Device: flexible sigmoidoscopy or colonoscopy with biopsies
Lower endoscopy with biopsies (specifically either colonoscopy or flexible sigmoidoscopy) in both HIV-positive subjects already on oral tenofovir , as well as HIV negative subjects. Biopsies will be taken to laboratory for quantification of HIV-1 and drug levels of tenofovir.

  Eligibility

Ages Eligible for Study:   10 Years to 21 Years
Genders Eligible for Study:   Both
Accepts Healthy Volunteers:   Yes
Sampling Method:   Non-Probability Sample
Study Population

HIV positive adolescents already taking tenofovir in their antiretroviral regimen. Must be 10-14 years (n=6) and 18-21 years (n=6). HIV negative adolescents who are otherwise healthy ages10-14 years (n=6) and 18-21 years (n=6). Recruitment will be voluntary from the city/community and outpatient clinics.

Criteria

Inclusion Criteria:

  1. Age >/= 10 years and </= 14 years and age </= 18 years and </= 21 years.
  2. Willing and able to communicate in English.
  3. Willing and able to provide written informed consent or assent to take part in the study (where required, parent/guardian must provide consent).
  4. Willing and able to provide adequate information for locator purposes.
  5. Understand and agree to local sexually transmitted infections (STI) reporting requirements.
  6. HIV-negative or -positive as documented in prior serologic testing or per report, and willing to undergo repeat HIV testing.
  7. Willing and able to not take aspirin, any aspirin containing medications, or non-steroidal anti-inflammatory drugs for at least 72 hours before and 72 hours after flexible sigmoidoscopy.
  8. All female patients of childbearing potential (post-menarche) must be willing to undergo urine pregnancy testing at screening.
  9. Must be in general good health, including normal renal function.
  10. Subjects <18 years old must be scheduled for a clinically indicated colonoscopy or flexible sigmoidoscopy with biopsies.
  11. HIV-positive participants only (Aim 1):

    • Must have recent HIV polymerase chain reaction (PCR) documented in the last 6-12 months by verbal report
    • Must have tenofovir in chronic cART regimen (>/= 1 month).
    • Be reportedly compliant.
    • CD4 T cells >250/cmm

Exclusion Criteria:

  1. Known history of inflammatory bowel disease.
  2. Abnormalities of the colorectal mucosa, or significant colorectal symptom(s) which in the opinion of the clinician represents a contraindication to biopsy (including but not limited to presence of any unresolved injury, inflammatory condition of the local mucosa, and presence of symptomatic external hemorrhoids).
  3. Evidence of any known enteric infection at the time of study visit.
  4. Participant-reported symptoms and/or clinical or laboratory diagnosis of active and symptomatic rectal infection (gonorrhea, Chlamydia, syphilis, clinically active perineal HSV).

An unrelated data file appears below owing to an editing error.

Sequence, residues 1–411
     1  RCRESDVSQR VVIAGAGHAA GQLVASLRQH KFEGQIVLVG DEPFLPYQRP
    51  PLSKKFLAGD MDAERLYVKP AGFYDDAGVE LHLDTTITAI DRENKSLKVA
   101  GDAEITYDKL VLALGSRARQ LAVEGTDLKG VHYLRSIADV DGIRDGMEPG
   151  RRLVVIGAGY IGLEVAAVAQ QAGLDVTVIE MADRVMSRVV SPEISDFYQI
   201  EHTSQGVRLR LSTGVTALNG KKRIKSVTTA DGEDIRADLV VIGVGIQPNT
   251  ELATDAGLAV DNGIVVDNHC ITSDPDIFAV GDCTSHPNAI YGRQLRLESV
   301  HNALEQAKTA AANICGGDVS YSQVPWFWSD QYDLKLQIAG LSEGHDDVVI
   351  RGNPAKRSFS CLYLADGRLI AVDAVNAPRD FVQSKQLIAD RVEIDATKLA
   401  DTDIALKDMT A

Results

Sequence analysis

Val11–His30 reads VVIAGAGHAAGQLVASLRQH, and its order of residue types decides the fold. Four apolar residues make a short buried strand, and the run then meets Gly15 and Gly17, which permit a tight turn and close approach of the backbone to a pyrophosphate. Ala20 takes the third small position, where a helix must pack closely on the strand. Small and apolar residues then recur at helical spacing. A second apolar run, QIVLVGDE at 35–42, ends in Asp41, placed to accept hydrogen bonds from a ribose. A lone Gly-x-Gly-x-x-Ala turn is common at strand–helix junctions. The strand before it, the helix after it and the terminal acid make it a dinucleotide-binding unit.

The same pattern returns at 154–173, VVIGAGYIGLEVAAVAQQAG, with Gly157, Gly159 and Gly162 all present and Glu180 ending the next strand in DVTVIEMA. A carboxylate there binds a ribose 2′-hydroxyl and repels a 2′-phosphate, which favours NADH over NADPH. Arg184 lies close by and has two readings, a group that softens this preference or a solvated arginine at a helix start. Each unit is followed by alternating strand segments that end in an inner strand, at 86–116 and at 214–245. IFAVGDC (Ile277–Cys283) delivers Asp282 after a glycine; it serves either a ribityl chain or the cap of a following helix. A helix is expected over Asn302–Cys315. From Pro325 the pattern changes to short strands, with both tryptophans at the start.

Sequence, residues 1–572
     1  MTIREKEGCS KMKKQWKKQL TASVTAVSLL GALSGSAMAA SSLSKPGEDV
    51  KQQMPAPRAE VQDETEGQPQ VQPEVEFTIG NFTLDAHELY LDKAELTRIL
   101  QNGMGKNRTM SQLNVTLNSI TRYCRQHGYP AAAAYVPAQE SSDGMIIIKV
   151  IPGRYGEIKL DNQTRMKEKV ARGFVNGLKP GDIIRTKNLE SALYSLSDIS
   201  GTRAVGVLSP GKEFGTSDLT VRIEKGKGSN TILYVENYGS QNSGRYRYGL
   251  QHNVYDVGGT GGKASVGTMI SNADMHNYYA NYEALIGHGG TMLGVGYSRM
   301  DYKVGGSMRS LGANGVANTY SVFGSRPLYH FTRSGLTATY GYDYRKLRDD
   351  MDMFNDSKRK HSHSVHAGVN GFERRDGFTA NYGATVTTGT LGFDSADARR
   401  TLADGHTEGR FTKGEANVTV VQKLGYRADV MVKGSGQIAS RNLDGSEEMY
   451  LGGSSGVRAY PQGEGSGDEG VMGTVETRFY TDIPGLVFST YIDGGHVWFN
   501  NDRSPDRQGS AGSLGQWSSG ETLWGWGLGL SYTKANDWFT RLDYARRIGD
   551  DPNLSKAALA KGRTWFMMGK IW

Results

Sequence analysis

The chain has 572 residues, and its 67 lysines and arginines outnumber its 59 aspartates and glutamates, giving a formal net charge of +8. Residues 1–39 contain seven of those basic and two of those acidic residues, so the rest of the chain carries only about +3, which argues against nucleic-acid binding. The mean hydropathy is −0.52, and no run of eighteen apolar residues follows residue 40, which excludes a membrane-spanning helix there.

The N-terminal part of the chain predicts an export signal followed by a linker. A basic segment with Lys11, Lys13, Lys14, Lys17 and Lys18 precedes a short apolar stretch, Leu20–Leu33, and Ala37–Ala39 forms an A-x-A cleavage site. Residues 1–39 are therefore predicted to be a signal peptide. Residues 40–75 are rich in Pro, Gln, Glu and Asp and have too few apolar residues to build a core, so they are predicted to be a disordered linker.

• Note: Allow one re-screening after documented treatment (30 days) in cases of gonorrhea/chlamydia (GC/CT) identified at screening.
  5. Pregnancy.
  6. Subjects with other poorly controlled medical conditions (e.g. diabetes, congestive heart failure).
  7. Chronic renal disease (BUN and serum creatinine >1.5 times the upper normal limit).
  8. History or presence of impaired gastrointestinal motility, or history of extensive small bowel resection (greater than half the length of the small intestine).
  9. Use of warfarin or heparin.
  10. Use of systemic immunomodulatory medications within 4 weeks of screening.
  11. Use of any investigational products within 4 weeks of screening.
  12. Fever at time of endoscopy. Subjects can be re-scheduled at a later point after the fever is resolved.
  13. Any other clinical condition or prior therapy that, in the opinion of the investigator, would make the patient unsuitable for the study or unable to comply with the study requirements. Such conditions may include, but are not limited to, current or recent history of sever, progressive, or uncontrolled renal, hepatic, hematological, gastrointestinal, endocrine, pulmonary, neurological, or cerebral disease.
  Contacts and Locations
Choosing to participate in a study is an important personal decision. Talk with your doctor and family members or friends about deciding to join a study. To learn more about this study, you or your doctor may contact the study research staff using the Contacts provided below. For general information, see Learn About Clinical Studies.

Please refer to this study by its ClinicalTrials.gov identifier: NCT02134431

Contacts
Contact: Kathy Kordy, MD (310) 794-7195 kkordy@mednet.ucla.edu
Contact: Stephanie Okimoto, BA, CCRC (310) 267-1040 sokimoto@mednet.ucla.edu

Locations
United States, California
UCLA Clinical and Translational Research Center (CTRC)
Los Angeles, California, United States, 90095
Sponsors and Collaborators
University of California, Los Angeles
Investigators
Principal Investigator: Sue McDiarmid, MD University of California, Los Angeles, Departments of Pediatrics and Surgery
  More Information

No publications provided

Responsible Party: Kattayoun Kordy, MD, Fellow, Deparment of Pediatrics, Divison of Gastroenteroloy, University of California, Los Angeles
ClinicalTrials.gov Identifier: NCT02134431     History of Changes
Other Study ID Numbers: UL1TR000124-1955
Study First Received: May 2, 2014
Last Updated: May 8, 2014
Health Authority: United States: Institutional Review Board

Keywords provided by University of California, Los Angeles:
HIV
tenofovir
miocrobicide
endoscopy (colonoscopy, sigmoidoscopy)
adolescents
pediatrics

Additional relevant MeSH terms:
Acquired Immunodeficiency Syndrome
HIV Infections
Immunologic Deficiency Syndromes
Immune System Diseases
Lentivirus Infections
Retroviridae Infections
RNA Virus Infections
Sexually Transmitted Diseases
Sexually Transmitted Diseases, Viral
Slow Virus Diseases
Virus Diseases
Tenofovir
Tenofovir disoproxil
Anti-HIV Agents
Anti-Infective Agents
Anti-Retroviral Agents
Antiviral Agents
Enzyme Inhibitors
Molecular Mechanisms of Pharmacological Action
Nucleic Acid Synthesis Inhibitors
Pharmacologic Actions
Reverse Transcriptase Inhibitors
Therapeutic Uses

ClinicalTrials.gov processed this record on October 22, 2014